Japanese architect, sociologist, and educator Kon Wajiro was living in Tokyo when the violent 1923 earthquake occurred. With his students, he visited the areas where people gathered after the natural disaster. Through simple yet refined drawings he began to register the temporary shelters and the sparse belongings of the refugees in order to testify their state of living, a condition reduced to the bare minimum.
During his life, Kon Wajiro kept on documenting the memories of Japanese civilisation in an attempt to keep their testimony in the event of their sudden disappearance or of their possible fading due to modernisation. He meticulously traced houses and types of furniture, ways of dressing and commodities, ordinary objects and people’s habit, generating a complex visual taxonomy of the transition of a culture toward modernity.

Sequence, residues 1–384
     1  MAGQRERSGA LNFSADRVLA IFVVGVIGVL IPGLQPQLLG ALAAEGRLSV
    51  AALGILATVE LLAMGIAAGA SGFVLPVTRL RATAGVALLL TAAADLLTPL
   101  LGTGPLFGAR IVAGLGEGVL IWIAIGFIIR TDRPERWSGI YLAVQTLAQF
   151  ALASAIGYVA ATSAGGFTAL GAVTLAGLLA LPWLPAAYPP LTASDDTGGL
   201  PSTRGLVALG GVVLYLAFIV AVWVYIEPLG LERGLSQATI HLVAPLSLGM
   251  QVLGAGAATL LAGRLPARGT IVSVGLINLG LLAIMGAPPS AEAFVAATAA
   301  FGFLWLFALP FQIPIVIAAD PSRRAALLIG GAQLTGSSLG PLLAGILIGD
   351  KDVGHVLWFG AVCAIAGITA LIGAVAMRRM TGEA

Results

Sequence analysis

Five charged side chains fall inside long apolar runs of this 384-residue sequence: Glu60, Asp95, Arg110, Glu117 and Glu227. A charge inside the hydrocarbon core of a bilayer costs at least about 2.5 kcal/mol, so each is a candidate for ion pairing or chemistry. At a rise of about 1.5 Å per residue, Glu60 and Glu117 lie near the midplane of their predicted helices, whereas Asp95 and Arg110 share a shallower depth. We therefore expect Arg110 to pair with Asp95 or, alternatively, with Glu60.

His studies gave birth to a branch of sociology, called “modernology” which aimed at documenting the evolution of places and cultures as a consequence of modernization.
Lisa Hsieh, “Architecture’s Disquieting Ghosts” in Log 41, Fall 2017
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